Noah Syndergaard has become the latest person to give their opinion on the home run sculpture that sits behind the center field wall in Marlins Park, and it wasn't positive:
Adios Miami. I think your outfield sculpture burnt a hole in my corneas. pic.twitter.com/hwuSd2TLgv— Noah Syndergaard (@Noahsyndergaard) June 6, 2016
This latest public bashing of the sculpture is the straw that has broken the camel's back, and it is time to set the record straight on the now infamous home run tradition that Miami and Marlins Park is known for once and for all.
First of all, it was clear than even when the plans for Marlins Park were still being drawn up, the stadium was being designed to break the mould of a traditional ballpark. With the retractable roof, promenade level with 360-degree views, and bobblehead museum, Marlins Park was supposed to have a very modern feel and different atmosphere to, say, Fenway Park.
Every MLB ballpark is supposed to provide spectators with a different experience, and while most stadiums light fireworks when the home team hits a ball out of the park, many have had their own, unique, celebrations to accompany the pyrotechnics over the years.
There is the mascot going down the slide in Milwaukee, the swinging Liberty Bell in Philadelphia, and the steam train in Houston, to name a few. At Pro Player/Landshark/Dolphin/Sun Life Stadium the Marlins didn't have a unique home run tradition, and so they wanted to come up with something special when they moved into Marlins Park in 2012.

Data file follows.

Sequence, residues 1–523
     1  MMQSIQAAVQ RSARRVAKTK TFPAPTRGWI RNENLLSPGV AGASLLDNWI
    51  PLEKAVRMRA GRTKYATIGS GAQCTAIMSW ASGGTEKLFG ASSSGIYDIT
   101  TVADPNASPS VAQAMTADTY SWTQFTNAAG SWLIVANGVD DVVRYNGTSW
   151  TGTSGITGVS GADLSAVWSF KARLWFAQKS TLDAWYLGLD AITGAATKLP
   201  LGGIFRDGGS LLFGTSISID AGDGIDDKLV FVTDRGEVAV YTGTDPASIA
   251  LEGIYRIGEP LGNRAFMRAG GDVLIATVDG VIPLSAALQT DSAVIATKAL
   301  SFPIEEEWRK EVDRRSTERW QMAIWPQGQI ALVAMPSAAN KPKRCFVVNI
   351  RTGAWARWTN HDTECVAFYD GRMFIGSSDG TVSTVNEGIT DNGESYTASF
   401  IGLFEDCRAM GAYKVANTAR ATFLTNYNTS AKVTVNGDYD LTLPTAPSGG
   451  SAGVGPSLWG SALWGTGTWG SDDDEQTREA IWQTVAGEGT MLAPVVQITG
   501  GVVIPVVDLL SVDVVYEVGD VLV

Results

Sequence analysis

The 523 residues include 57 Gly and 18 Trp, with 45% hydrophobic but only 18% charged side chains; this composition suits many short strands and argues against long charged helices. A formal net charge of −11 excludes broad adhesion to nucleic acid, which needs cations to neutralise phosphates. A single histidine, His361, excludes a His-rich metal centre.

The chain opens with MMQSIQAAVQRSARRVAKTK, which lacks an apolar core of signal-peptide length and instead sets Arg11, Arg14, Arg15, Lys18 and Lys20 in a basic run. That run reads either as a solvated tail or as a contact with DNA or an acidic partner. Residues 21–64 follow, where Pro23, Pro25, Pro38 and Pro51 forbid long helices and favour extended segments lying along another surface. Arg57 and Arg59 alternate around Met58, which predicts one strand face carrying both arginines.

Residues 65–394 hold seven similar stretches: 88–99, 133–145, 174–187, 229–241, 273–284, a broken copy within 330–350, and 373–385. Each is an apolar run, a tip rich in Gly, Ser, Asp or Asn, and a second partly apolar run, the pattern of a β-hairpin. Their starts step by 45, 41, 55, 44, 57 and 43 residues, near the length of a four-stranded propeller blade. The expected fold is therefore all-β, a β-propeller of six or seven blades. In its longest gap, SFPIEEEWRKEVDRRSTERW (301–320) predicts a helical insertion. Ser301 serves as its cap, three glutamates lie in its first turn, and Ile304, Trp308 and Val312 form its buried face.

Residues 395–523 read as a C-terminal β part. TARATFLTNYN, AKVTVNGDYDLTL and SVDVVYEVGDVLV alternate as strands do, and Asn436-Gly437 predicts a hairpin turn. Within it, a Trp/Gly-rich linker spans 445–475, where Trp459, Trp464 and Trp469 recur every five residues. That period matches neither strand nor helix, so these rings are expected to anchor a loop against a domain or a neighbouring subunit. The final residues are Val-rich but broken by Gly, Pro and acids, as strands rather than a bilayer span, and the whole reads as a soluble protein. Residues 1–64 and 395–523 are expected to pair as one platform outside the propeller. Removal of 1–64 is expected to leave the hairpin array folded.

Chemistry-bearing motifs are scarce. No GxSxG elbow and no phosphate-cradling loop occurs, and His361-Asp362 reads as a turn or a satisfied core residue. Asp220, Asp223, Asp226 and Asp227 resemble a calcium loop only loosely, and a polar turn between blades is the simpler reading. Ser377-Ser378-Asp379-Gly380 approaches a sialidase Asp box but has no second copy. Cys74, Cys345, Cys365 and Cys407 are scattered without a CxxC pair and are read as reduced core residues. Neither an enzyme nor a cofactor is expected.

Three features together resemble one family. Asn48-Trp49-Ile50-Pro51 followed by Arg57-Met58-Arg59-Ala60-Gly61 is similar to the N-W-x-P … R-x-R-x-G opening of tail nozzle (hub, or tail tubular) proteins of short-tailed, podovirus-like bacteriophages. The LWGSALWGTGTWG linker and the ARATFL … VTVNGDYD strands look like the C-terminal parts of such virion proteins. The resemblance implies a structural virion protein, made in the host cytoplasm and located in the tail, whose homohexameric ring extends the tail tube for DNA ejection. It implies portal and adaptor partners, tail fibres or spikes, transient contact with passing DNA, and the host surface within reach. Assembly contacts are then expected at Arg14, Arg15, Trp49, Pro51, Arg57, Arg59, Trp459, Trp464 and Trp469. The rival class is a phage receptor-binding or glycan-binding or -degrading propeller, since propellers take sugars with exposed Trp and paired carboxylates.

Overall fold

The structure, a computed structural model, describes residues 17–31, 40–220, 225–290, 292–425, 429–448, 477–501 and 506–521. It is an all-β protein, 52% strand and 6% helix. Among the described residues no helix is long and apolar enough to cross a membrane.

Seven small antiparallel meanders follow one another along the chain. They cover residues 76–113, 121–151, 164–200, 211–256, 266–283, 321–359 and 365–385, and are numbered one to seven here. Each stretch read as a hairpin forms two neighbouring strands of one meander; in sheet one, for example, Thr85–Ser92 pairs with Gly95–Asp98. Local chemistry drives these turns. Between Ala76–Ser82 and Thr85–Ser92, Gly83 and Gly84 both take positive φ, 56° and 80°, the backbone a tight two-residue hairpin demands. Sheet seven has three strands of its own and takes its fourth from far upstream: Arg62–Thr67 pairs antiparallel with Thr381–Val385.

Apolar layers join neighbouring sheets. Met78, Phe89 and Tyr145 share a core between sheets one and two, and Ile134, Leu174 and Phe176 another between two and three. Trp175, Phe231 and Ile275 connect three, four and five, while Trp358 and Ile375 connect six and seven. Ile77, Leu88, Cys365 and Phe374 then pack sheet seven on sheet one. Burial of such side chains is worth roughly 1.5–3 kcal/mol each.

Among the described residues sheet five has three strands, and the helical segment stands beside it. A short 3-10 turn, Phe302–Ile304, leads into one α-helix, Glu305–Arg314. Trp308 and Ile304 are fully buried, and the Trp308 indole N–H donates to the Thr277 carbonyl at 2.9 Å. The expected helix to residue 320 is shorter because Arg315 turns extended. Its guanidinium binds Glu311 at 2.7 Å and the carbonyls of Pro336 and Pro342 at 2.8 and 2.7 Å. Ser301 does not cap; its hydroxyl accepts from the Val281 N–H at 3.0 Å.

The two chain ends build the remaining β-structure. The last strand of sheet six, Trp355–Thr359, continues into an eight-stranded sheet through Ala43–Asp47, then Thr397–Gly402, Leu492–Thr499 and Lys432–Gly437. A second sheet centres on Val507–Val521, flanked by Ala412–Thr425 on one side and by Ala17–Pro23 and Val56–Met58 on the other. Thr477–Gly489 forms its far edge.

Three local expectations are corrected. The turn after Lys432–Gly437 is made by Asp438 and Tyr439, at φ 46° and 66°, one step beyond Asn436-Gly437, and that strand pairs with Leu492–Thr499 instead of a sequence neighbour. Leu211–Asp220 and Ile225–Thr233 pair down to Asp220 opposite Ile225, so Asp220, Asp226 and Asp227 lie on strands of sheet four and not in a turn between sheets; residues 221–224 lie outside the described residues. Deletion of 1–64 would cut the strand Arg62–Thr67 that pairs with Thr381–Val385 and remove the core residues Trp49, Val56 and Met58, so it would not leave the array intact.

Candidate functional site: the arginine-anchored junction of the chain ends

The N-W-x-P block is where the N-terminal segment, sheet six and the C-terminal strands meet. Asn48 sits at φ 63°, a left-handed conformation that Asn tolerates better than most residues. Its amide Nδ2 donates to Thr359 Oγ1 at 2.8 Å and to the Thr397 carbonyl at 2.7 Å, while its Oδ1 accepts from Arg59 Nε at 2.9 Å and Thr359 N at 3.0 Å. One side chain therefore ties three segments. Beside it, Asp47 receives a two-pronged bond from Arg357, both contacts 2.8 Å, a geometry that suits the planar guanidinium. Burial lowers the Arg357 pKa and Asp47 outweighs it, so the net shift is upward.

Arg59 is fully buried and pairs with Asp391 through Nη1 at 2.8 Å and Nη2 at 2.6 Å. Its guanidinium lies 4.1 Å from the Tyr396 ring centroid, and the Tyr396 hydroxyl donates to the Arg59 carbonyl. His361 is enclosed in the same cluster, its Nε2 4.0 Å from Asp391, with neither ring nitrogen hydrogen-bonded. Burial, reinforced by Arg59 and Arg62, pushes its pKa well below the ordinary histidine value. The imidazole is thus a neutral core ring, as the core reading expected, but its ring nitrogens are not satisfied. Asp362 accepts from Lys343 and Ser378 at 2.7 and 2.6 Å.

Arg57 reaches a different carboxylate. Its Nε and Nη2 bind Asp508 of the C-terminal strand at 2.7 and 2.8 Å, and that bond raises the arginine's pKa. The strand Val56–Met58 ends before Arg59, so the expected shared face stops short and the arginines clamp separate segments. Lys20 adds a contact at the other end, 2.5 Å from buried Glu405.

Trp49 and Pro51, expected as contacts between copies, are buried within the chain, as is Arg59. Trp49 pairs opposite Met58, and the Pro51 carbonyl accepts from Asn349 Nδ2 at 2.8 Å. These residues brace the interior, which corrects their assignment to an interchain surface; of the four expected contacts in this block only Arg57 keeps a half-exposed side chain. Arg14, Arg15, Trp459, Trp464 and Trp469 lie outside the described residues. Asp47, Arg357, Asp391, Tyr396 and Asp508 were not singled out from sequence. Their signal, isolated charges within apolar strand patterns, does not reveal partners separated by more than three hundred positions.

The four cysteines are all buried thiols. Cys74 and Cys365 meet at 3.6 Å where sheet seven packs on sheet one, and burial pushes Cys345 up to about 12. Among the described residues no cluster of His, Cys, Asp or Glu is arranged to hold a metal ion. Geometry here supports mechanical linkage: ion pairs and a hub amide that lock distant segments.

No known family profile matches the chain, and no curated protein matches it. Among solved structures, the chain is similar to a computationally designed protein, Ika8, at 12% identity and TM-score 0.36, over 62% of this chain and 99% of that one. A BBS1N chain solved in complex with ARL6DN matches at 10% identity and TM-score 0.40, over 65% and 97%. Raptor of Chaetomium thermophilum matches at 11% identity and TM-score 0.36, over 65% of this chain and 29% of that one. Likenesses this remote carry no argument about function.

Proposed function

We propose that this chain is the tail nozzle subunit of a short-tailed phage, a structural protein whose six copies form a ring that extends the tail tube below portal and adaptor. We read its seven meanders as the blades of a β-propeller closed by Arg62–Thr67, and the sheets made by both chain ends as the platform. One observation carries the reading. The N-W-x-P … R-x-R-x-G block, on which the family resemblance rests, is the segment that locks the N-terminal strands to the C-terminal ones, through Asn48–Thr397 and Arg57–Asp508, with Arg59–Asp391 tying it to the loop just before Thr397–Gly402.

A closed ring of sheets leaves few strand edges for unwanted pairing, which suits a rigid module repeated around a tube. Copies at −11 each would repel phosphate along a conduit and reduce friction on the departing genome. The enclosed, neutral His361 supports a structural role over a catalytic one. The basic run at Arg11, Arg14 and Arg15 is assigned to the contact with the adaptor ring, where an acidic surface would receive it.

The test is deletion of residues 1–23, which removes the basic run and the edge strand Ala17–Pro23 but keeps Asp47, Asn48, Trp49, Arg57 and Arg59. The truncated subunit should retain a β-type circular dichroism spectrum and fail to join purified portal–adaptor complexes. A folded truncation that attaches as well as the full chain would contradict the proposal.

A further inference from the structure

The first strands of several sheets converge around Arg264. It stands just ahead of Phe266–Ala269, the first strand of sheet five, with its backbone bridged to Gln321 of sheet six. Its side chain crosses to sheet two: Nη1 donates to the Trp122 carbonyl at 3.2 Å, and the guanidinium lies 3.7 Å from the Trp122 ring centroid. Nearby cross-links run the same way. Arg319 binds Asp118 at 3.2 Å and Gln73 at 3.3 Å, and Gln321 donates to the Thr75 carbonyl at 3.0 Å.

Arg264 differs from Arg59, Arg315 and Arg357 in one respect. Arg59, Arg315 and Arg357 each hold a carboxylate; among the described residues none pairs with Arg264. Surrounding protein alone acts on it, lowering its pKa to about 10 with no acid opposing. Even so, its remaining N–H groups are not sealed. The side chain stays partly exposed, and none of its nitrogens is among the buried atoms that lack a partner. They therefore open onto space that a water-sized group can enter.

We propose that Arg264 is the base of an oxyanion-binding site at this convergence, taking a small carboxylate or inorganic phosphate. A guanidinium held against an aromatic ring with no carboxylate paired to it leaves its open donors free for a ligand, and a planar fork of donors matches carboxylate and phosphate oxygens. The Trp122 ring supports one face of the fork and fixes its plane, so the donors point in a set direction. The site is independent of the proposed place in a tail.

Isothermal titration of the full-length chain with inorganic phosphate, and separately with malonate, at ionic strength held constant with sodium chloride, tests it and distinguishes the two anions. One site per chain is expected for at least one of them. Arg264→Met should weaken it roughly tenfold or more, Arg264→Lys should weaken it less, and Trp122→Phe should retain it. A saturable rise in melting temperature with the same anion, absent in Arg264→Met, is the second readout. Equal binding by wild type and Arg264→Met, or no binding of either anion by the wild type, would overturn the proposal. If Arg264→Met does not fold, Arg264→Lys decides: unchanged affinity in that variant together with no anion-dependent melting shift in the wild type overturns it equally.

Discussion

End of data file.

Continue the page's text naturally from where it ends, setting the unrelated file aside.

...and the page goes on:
If you ask this writer, they did just that. The 75-foot tall work of art designed by Red Grooms epitomizes the diverse and colorful culture of Miami, and fits like a glove in the equally artistic and striking surrounds of Marlins Park.
After four seasons of baseball in Little Havana, the Marlins decided to move in and lower the outfield fences after posting some of the lowest home run totals in the league, even with Giancarlo Stanton defying the odds and threatening to hit the ball through the outfield windows every night.
One thing would remain constant in the outfield for 2016, though: that bizarre, yet glorious, home run sculpture.
Love it or hate it, the home run sculpture has got people talking and has helped make Marlins Park unique. Although many people see it as a horrendous practical joke, it has done its job in center field perfectly. The flashing lights and leaping Marlins may not go down as a classic in the history books of home run celebrations, but it is something which this young franchise can call their own.
Besides, if Syndergaard hated the sculpture so much, he wouldn't have let Marcell Ozuna light it up last Friday.